Estimated reading time 5 min

Circular solutions can halt biodiversity loss – The food and agriculture sector can make the largest contribution

Circular economy interventions in four key sectors can halt global biodiversity loss and help the world's biodiversity recover to the same levels as in the year 2000 by 2035, according to a recent study by the Finnish Innovation Fund Sitra.


Antti Lehtinen

Specialist (on extended leave), Communications and Public Affairs


We are losing biodiversity at an alarming rate all over the world. The situation is serious because our health, economy and well-being are all utterly dependent on nature and the services it provides.

According to the recent study Tackling root causes – Halting biodiversity loss through the circular economy by the Finnish Innovation Fund Sitra, we already have the solutions to halt global biodiversity right in front of us – in the form of the circular economy The circular economy An economic model which does not focus on producing more and more goods, but in which consumption is based on using services – sharing, renting and recycling – instead of owning. Materials are not destroyed in the end, but are used to make new products over and over again. Open term page The circular economy . By designing out waste, by making products that last and by keeping those products in active use as long as possible, we get more value from what we have. This also reduces the need to extract new natural resources, leaving more room for nature to thrive.

The study is the first to quantify the role a circular economy can play in tackling global biodiversity loss, targeting the four sectors with the largest impacts. To do this, Sitra teamed up with experts from Vivid Economics.

The potential of the circular economy is significant: circular interventions in the food and agriculture, construction, textiles and forest sectors can halt biodiversity loss even if no other action is taken. And more than that, the study finds that the world’s biodiversity can recover to 2000 levels by 2035, if the circular interventions are implemented.

“It is possible to halt biodiversity loss, but it requires significant changes in how we produce, consume and manage products and materials. The circular economy offers solutions, and the best thing is that these solutions are ready to be used,” says Kari Herlevi, Project Director at Sitra.

Food – the biggest challenge but the greatest potential

According to the study, the sector where circular interventions can have the largest positive impact is food and agriculture. Merely by shifting to more alternative proteins and regenerative agriculture, and by reducing food waste by half, biodiversity loss could be halted by 2035.

In practice, the transition to a circular economy in the food and agriculture sector will make it possible to produce the food humanity consumes on a much smaller area of agricultural land and with fewer inputs such as fertilisers, leaving more room for nature to thrive. According to the study, which captures the impacts on biodiversity from changes in land use, the circular interventions examined could for example free up agricultural land corresponding to as much as 1.5 times the size of the European Union for other uses by 2050.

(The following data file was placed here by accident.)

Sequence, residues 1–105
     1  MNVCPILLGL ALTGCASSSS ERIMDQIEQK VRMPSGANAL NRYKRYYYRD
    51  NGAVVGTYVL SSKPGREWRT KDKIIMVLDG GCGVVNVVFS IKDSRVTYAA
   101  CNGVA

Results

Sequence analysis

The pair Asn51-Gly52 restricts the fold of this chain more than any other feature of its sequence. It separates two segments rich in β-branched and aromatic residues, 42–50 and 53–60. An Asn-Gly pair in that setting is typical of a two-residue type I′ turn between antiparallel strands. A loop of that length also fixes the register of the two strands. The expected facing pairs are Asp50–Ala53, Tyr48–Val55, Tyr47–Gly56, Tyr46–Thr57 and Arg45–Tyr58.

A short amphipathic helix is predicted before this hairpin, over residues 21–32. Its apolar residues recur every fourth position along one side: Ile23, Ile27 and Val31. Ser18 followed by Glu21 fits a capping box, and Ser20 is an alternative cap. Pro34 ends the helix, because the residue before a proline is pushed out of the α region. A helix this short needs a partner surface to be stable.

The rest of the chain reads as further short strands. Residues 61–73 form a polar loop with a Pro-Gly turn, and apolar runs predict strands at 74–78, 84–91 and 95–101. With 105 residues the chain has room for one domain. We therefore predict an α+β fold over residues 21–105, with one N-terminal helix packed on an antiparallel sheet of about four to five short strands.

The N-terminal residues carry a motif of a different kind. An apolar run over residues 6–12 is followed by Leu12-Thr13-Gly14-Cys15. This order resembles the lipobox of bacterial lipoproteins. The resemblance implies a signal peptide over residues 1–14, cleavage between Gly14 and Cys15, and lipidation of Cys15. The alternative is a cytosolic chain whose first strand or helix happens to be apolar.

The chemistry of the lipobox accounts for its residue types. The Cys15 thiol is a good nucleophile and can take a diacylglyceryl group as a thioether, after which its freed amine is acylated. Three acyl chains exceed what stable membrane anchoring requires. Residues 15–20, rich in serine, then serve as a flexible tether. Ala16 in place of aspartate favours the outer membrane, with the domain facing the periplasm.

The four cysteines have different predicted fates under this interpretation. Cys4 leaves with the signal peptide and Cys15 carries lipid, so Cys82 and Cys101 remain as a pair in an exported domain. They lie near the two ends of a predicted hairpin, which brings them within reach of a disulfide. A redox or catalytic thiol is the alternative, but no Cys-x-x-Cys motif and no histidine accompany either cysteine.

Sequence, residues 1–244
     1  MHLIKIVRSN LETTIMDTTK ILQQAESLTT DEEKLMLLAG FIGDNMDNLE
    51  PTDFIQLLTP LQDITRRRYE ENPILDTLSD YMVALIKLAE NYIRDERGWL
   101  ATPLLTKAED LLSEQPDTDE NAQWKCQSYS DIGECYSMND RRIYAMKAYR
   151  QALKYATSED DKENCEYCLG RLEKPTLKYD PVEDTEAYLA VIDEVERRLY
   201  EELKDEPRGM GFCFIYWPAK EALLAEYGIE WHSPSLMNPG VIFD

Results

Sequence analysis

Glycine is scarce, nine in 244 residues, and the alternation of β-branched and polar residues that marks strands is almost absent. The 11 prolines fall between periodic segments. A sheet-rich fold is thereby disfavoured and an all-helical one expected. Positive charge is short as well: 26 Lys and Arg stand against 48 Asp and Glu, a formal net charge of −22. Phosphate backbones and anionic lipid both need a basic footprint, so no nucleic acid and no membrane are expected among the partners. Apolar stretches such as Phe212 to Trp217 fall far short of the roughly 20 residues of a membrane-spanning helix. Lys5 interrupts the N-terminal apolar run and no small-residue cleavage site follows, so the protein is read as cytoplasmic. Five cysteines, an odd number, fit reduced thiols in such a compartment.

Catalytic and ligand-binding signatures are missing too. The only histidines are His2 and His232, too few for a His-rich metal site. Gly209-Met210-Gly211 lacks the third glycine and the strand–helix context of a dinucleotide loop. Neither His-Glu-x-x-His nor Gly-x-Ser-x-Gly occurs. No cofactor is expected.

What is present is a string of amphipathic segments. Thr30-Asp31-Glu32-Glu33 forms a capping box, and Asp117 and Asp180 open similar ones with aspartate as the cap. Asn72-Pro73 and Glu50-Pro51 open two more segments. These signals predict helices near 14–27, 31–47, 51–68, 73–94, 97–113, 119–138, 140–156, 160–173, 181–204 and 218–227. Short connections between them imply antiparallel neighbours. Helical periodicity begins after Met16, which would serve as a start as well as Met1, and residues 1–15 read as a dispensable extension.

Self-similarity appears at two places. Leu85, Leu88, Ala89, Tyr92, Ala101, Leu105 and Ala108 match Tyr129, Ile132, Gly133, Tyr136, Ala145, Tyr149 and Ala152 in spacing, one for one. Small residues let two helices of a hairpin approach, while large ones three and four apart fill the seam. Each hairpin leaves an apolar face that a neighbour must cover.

To make the transition possible, the circular economy should be harnessed as a tool for halting biodiversity loss by both businesses and policymakers, by the following means.

First, the circular economy should be integrated into all decision-making and strategies.

Second, the emphasis should be on circular interventions that effectively halt biodiversity loss and at the same time mitigate climate change. According to the study, many circular interventions that tackle biodiversity loss also reduce greenhouse gas emissions, not least those solutions that give us more value from our biomass, including substituting alternative proteins for meat and reducing food waste – these are the two solutions in the study with the most impact and are also practices that people can easily adopt. In the food and agriculture sector, the transition to a circular economy would reduce methane emissions from agriculture by as much as 90 per cent by 2050.

Both these means will also be addressed in this year’s World Circular Economy Forum, which will be held in Rwanda and online at the end of the year.

“Biodiversity loss is a challenge that may even eclipse climate change in the years to come, and thus far we are not doing nearly enough,” says Herlevi. “The good news is that the circular economy has largely been an overlooked opportunity, even though we already have the circular solutions right in front of us. We can halt the biodiversity decline before it is too late, even as early as the next decade.”

“The planetary boundaries are all deeply connected, but climate and biodiversity are core boundaries. They impact on all others,” says Johan Rockström, Director of the Potsdam Institute for Climate Impact Research, who will give a keynote speech to a Sitra webinar on 13 June, where the results of the study will be discussed. “The next 10 years must see the most profound transformation the world has ever known.”

Read the study Tackling root causes – Halting biodiversity loss through the circular economy.

The study results were discussed in a webinar on 13 June with Johan Rockström and other leading experts. Watch a recording of the event on Youtube.

Contact us
Specialist (on extended leave), Communications and Public Affairs

+358 294 618 310

Project Director, Global collaboration, Sustainability solutions

+358 294 618 287

What's this about?